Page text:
We can use this information from the simulated data to provide a point estimate of the allele size of any new sample we analyze with STRetch in the following manner. We fit a linear regression between the number of reads mapping to the STR decoy and the size of the allele from the simulated data (both log2 transformed), in order to obtain estimates of the intercept and slope parameters, β0 and β,
Here y is log2(coverage) and x is log2(allele size). Given a new data point from a real sample, the log2(coverage) for an STR locus of interest, the point estimate of the allele size is thus
where allele size is the number of base pairs inserted relative to the reference and coverage is the normalized number of reads allocated to the locus.
Reference genome: ucsc.hg19.fasta, with STR decoy chromosomes added as described above.
STR positions in genome annotated bed file: hg19.simpleRepeat.txt.gz. Source: http://hgdownload.cse.ucsc.edu/goldenPath/hg19/database/.
Known STR loci are obtained by performing a TRF  annotation of the reference genome. Pre-computed annotations of many genomes are available from the UCSC Table Browser (https://genome.ucsc.edu/cgi-bin/hgTables) . TRF annotations are converted to bed files annotated with two additional columns: the repeat unit/motif and the number of repeat units in the reference.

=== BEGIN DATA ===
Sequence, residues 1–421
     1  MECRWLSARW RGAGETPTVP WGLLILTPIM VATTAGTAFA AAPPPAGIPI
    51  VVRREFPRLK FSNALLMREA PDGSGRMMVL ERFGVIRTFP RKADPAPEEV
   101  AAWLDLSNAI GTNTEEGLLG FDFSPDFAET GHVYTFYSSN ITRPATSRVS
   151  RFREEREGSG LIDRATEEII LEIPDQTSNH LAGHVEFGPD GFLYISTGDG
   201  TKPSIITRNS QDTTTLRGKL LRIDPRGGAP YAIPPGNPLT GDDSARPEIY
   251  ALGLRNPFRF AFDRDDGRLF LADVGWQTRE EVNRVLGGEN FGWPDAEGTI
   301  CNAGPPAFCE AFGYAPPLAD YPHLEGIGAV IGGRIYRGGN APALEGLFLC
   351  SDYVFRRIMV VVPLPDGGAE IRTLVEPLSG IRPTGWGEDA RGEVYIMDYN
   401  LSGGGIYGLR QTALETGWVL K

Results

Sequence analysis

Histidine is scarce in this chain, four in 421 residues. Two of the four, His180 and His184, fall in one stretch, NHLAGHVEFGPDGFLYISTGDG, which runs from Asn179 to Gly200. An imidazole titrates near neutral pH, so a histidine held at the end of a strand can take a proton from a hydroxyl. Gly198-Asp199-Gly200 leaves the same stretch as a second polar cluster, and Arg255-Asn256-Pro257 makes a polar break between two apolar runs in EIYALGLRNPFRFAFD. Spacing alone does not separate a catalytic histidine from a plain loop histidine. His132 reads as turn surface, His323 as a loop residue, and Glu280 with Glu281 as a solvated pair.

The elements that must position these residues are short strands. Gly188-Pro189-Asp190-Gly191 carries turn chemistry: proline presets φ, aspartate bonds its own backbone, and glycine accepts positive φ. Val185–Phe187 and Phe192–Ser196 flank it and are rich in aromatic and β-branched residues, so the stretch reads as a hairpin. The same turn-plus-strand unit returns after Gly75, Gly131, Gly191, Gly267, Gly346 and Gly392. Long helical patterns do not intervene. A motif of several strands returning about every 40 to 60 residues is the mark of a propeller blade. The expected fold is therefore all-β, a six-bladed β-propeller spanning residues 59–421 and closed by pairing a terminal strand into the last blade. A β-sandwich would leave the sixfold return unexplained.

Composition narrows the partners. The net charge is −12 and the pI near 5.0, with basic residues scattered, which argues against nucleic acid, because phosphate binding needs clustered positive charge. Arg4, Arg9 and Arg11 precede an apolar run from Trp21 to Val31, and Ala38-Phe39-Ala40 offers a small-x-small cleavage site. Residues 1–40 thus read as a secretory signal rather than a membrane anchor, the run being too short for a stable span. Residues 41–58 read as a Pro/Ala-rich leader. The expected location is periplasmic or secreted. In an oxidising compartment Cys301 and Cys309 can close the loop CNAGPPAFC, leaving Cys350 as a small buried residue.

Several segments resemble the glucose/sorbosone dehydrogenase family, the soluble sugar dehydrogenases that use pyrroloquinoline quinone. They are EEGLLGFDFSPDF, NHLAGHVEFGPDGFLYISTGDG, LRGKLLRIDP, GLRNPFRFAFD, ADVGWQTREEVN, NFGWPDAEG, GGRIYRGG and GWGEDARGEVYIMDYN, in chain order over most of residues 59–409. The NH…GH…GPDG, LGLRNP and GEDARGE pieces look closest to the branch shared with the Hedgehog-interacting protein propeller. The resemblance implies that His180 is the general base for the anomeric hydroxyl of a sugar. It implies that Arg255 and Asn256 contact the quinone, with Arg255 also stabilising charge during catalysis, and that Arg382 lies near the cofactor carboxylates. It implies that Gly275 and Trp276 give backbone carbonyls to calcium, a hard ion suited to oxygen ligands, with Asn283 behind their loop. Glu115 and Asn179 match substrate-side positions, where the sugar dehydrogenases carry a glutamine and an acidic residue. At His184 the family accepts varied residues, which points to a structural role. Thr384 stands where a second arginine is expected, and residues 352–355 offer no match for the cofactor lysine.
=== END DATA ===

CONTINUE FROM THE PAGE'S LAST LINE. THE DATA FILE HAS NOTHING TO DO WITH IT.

Running other STR genotypers
To estimate the size of the shorter allele, LobSTR and HipSTR were run on BAM files containing the locus of interest and 1000 bp of flanking sequence on either side. We used LobSTR version 4.0.6 with default settings and the LobSTR reference genome and annotation hg19_v3.0.2. HipSTR version 0.4 was used --min-reads 2 and otherwise default settings, with the provided hg19 reference genome and annotation. In some cases, the tools make a different call as to the reference allele in hg19. To make variant calls comparable to STRetch calls, we converted genotypes to numbers of repeat units inserted relative to the reference defined by that tool, then applied that to the reference allele given by STRetch. For example, if the STRetch reference allele is 20 repeat units, while in HipSTR it is 10 repeat units, a HipSTR genotype of 10/15 would be reported as 20/25. All imperfect repeat units or other variation were ignored and only the total size of alleles taken.
ExpansionHunter version 2.5.5 was run using the 17 provided STR loci specifications, as well as manually defined loci for STRs in ATXN8, MTHFD2, NOP56, and ZNF9 (see Additional file 1: Supplementary Methods). The “original” version of STRViper was downloaded from http://bioinf.scmb.uq.edu.au/STRViper and run using default settings.
Validation of novel STR expansions